Alamo Drafthouse Won’t Join Theater Chain Boycott Of Netflix Movie

Though Netflix is giving Beasts of No Nation a simultaneous release in theaters and on its subscription service, the film will have limited early theatrical screenings to qualify for awards consideration.

Though Netflix is giving Beasts of No Nation a simultaneous release in theaters and on its subscription service, the film will have limited early theatrical screenings to qualify for awards consideration.

Yesterday, Netflix announced that it would be releasing a new movie, Beasts of No Nation, later this year simultaneously on its streaming service and in theaters, leading the nation’s biggest exhibitors to cry boycott and say they will refuse to show the film. But not Alamo Drafthouse, which doesn’t seem fazed by having to compete for consumers who can just stay home and see the movie.

The four largest theater chains — AMC, Regal, Cinemark, and Carmike — have all said they won’t show the movie about child soldiers in Africa from True Detective director Cary Fukunaga, because Netflix is violating the traditional minimum 90-day window between theatrical release and appearing online.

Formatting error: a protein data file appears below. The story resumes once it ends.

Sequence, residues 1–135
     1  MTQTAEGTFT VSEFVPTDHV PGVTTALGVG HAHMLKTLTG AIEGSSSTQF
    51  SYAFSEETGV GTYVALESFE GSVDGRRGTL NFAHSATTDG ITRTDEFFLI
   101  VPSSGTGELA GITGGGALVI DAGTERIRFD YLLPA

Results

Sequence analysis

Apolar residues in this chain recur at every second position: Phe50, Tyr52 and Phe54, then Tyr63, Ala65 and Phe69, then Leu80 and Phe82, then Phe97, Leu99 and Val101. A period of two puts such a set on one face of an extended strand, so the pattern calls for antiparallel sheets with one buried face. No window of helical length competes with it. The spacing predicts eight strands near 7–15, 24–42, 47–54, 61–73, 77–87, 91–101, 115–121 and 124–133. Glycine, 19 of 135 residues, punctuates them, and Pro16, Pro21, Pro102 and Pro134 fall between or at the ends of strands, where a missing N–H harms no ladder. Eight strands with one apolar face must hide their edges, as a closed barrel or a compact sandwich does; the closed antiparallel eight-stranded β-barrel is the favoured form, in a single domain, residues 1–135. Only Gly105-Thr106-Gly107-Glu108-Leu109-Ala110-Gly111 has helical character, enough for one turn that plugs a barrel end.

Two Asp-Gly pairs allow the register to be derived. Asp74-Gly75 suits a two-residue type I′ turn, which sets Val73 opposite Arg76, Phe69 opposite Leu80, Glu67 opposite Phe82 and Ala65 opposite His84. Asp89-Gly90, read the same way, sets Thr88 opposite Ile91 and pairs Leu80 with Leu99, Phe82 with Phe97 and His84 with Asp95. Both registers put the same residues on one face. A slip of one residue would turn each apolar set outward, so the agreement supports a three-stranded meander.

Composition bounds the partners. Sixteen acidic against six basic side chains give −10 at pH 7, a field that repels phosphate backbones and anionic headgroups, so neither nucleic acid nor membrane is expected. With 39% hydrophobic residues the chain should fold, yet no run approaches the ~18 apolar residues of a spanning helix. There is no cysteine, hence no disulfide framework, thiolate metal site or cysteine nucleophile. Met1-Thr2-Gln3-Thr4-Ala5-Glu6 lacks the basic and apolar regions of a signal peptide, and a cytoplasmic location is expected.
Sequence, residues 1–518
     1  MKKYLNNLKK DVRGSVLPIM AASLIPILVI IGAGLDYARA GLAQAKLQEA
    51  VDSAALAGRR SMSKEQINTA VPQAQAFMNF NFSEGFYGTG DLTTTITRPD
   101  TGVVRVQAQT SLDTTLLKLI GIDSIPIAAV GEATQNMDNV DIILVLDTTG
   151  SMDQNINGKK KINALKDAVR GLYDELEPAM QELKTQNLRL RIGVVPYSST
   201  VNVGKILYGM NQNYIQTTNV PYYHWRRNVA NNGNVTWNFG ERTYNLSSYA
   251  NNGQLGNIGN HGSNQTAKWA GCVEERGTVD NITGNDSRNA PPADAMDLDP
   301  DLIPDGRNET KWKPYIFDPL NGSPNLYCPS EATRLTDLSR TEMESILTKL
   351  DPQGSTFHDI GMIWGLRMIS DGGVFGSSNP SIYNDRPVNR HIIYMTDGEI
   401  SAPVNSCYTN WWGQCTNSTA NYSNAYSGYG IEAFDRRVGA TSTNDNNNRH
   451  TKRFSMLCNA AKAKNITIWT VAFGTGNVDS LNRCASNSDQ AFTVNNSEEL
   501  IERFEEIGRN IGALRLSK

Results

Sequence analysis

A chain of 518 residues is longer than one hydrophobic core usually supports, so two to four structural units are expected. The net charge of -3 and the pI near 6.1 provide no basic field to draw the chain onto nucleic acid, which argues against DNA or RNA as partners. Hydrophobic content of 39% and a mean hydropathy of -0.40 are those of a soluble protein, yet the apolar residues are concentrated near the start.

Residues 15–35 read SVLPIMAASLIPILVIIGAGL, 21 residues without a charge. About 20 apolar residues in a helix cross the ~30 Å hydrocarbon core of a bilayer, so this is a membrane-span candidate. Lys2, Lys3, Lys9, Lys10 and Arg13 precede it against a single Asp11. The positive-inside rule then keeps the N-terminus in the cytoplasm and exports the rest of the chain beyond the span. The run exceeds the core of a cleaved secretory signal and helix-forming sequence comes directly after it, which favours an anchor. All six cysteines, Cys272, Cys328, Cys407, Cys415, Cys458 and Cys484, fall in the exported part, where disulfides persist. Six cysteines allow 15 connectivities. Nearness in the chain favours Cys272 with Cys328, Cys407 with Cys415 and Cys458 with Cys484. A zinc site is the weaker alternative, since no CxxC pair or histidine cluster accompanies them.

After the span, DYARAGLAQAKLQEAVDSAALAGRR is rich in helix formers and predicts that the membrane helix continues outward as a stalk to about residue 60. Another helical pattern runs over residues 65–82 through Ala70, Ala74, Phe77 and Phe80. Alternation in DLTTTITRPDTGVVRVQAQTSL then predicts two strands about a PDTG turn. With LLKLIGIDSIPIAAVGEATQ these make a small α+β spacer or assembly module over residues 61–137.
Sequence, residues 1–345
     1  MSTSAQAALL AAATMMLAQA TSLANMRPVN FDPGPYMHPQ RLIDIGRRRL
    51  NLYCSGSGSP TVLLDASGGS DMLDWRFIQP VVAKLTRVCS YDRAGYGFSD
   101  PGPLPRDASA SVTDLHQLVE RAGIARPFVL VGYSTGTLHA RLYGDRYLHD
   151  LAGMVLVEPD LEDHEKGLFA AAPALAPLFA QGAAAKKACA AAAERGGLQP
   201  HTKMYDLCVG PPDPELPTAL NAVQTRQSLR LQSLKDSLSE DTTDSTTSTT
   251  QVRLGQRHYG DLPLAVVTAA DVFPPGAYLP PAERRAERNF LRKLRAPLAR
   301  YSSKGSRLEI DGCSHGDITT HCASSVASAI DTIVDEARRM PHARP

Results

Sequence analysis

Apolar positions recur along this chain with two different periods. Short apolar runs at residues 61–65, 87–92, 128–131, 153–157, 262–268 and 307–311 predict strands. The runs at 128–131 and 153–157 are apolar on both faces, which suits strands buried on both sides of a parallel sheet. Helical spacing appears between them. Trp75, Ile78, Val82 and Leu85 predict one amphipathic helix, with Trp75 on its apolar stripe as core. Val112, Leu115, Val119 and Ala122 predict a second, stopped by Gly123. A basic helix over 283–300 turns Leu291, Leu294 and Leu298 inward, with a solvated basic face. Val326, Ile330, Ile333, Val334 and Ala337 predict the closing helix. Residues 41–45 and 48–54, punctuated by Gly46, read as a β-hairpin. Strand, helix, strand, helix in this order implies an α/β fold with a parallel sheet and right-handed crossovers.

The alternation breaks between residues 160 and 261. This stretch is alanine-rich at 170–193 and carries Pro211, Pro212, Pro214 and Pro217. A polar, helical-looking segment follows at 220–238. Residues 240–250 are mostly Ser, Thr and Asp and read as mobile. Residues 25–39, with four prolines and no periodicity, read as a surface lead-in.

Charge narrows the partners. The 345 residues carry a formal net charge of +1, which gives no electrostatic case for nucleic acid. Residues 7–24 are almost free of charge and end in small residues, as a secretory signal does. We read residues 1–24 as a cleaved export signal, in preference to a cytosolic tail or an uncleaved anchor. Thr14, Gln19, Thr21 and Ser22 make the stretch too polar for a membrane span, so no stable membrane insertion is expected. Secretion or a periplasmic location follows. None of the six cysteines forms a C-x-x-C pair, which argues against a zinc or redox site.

But Tim League, CEO and founder of the growing Texas-based Alamo Drafthouse chain tells Variety he’s “agnostic” about these long-observed divisions between theatrical and home video releases.

“I look at films I want to play and I play them regardless of the release strategy,” he explains, saying that he’s had success with films like last year’s hyper-violent sci-fi flick Snowpiercer, which did well for Alamo while it was simultaneously available on-demand for home viewers.

“I don’t look at myself as a competitor to Netflix,” explains League. “I think that argument is a little bit of a red herring. I watch a lot of movies at home, but there comes a time where I want to get out of the house. I look at cinemas as one of those options that compete with restaurants or baseball games or all of those things I can’t do in my living room.”

There have been a growing number of films hitting on-demand video services like Amazon Instant Video, Google Play, or iTunes while they were still in theaters, but many have been very small art-house productions that get poor theatrical distribution outside of the major metropolitan markets.

And even though Beasts boasts a hot young director and the starpower of lead actor Idris Elba, it probably still wouldn’t have played more than a few hundred theaters during its theatrical release.

What seems to have raised exhibitors’ ire is that Netflix itself is releasing the movie and that the film will be available for no additional cost to Netflix subscribers.